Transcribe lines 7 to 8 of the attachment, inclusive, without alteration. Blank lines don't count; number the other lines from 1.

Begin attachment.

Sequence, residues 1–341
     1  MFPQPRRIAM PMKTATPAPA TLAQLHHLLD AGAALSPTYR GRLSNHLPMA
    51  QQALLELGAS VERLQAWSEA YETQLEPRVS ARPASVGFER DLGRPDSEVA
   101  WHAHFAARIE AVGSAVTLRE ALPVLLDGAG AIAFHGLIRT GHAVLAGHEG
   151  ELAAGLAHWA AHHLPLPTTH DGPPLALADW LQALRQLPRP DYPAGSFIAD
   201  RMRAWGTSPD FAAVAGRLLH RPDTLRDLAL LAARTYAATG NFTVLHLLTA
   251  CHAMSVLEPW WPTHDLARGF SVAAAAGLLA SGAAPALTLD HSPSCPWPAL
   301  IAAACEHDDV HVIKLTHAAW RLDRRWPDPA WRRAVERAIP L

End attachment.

   251  CHAMSVLEPW WPTHDLARGF SVAAAAGLLA SGAAPALTLD HSPSCPWPAL
   301  IAAACEHDDV HVIKLTHAAW RLDRRWPDPA WRRAVERAIP L